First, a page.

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The Cheater’s Diet

The Promise

You have to cheat on this diet.You eat a Mediterranean-style diet during the week, “cheat” on your diet all weekend long, and you’ll still lose weight, according to The Cheater's Diet by weight-loss doctor Paul Rivas, MD.

Purposely blowing your diet on weekends, Rivas claims, cranks up your metabolism, reversing the metabolic slowdown that happens when you restrict calories. Your furnace stays hot, so that when you eat fewer calories Monday through Friday, your body burns fat. Rivas doesn’t cite research to back up this theory, however.

Weekend “cheating” also strengthens your resolve to eat well the rest of the week, Rivas says (though it seems some people may find it even harder to stick to healthy eating after a weekend off.) You can even cheat on exercise, working out only twice a week and doing “lifestyle” exercise, such as cleaning the house, on other days, according to the plan.

What You Can and Can't Eat

Pizza, ice cream, steak, wine, beer, cinnamon buns -- they’re all fair game from Saturday morning to Sunday night. In fact, they’re downright encouraged. Only foods that might trigger overeating are off-limits.

On weekends, you add an extra 10 calories per day for every pound you weigh, which could mean a whopping 1,500 additional calories or more on both days.

On all other days, you fill half your plate with fruits and vegetables, one-quarter with lean protein (such as fish, chicken, beans, “and some pork loin thrown in now and then for taste”), and one-quarter with whole grains.

You have at least three servings of fruit per day (not bananas, which contain too much starch) and at least four servings of vegetables.

Low-fat yogurt, peanuts, eggs, and skim milk are specifically endorsed.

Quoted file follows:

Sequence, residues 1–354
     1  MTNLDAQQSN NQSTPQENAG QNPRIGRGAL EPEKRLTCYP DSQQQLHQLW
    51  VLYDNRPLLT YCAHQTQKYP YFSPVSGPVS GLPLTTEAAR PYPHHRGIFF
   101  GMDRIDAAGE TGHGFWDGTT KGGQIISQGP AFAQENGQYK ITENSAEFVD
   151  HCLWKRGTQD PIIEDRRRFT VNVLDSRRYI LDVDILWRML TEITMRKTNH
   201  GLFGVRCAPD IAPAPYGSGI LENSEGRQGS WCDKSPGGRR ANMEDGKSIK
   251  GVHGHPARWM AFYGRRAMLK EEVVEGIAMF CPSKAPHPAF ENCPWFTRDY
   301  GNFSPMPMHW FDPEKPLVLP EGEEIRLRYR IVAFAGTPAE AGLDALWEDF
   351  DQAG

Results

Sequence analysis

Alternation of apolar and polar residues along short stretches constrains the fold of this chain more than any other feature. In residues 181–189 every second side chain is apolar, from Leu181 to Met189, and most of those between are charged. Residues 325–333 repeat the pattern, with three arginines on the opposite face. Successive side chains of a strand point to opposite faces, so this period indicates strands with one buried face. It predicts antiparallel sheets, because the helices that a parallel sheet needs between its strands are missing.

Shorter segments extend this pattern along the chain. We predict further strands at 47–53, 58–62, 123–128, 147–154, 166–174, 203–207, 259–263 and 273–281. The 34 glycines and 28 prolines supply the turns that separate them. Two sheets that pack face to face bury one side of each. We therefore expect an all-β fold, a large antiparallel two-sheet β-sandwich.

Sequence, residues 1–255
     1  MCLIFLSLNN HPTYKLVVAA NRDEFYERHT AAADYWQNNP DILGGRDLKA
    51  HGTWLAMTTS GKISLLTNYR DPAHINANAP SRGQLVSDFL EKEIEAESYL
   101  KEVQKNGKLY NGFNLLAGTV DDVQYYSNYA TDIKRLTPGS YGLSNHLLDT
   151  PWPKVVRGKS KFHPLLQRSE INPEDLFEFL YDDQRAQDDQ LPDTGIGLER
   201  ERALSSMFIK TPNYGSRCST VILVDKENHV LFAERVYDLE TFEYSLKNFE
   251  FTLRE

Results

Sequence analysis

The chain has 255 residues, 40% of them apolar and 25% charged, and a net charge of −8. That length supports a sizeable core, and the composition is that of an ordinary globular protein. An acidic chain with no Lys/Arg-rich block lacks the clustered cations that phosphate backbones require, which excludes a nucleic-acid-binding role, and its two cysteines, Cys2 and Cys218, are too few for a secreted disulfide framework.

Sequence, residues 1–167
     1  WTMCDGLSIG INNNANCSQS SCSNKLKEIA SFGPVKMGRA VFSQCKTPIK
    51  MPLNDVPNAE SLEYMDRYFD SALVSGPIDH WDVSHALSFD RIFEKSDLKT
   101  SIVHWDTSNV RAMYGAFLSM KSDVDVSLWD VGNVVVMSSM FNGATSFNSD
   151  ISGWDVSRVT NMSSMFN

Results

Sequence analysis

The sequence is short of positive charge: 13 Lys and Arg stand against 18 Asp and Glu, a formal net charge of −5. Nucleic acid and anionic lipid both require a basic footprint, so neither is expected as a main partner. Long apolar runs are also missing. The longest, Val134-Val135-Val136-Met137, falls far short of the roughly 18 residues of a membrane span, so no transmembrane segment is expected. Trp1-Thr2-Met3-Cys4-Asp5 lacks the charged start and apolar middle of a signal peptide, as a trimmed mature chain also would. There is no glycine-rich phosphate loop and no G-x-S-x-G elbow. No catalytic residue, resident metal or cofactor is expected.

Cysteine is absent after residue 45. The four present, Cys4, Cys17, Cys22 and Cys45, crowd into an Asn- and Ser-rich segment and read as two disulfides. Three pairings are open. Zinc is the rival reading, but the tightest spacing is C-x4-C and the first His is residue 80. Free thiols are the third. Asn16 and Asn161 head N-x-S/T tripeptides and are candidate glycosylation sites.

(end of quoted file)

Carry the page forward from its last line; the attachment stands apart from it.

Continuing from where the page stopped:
Sugar, bread, white rice, potatoes, saturated fats (like butter, cream, marbled meats, and most fried foods), and alcohol are off-limits during the week.

Level of Effort: Medium

Preparing healthy meals, avoiding potatoes and other foods, and fitting in exercise during the week will take some effort.

Limitations: Many foods are off-limits during the week, as is alcohol.

Cooking and shopping: If you’re not used to cooking from scratch, spending time shopping and cooking could be an adjustment. You may find yourself buying more herbs and spices than usual.

Packaged foods or meals: No.

In-person meetings: No.

Exercise: The plan recommends exercising 2 days a week and fitting in movement whenever you can on the other days.

Does It Allow for Restrictions or Preferences?

Vegetarians and vegans: Many of the recipes provided contain meat, fish, or eggs, and yogurt is favored. Vegetarians will have a hard time following the suggested menus, and vegans will have an even harder time -- though it is possible to follow the diet without using the menus.

Gluten-free: Most of the recipes don't include pasta or bread. But gluten is in many other foods, so check labels for those that may contain gluten.

What Else You Should Know

Cost: Just your usual grocery expenses. If you don’t currently buy fish or fresh fruits and vegetables, your costs could go up. Rivas recommends certain supplements (yerba mate, L-Tyrosine, 5-HTP, green tea extract, and velvet bean), which would add to the cost, but they are optional.

Support: This is a diet you do on your own.

WebMD Medical Reference

Reviewed by Arefa Cassoobhoy, MD, MPH on December 18, 2013

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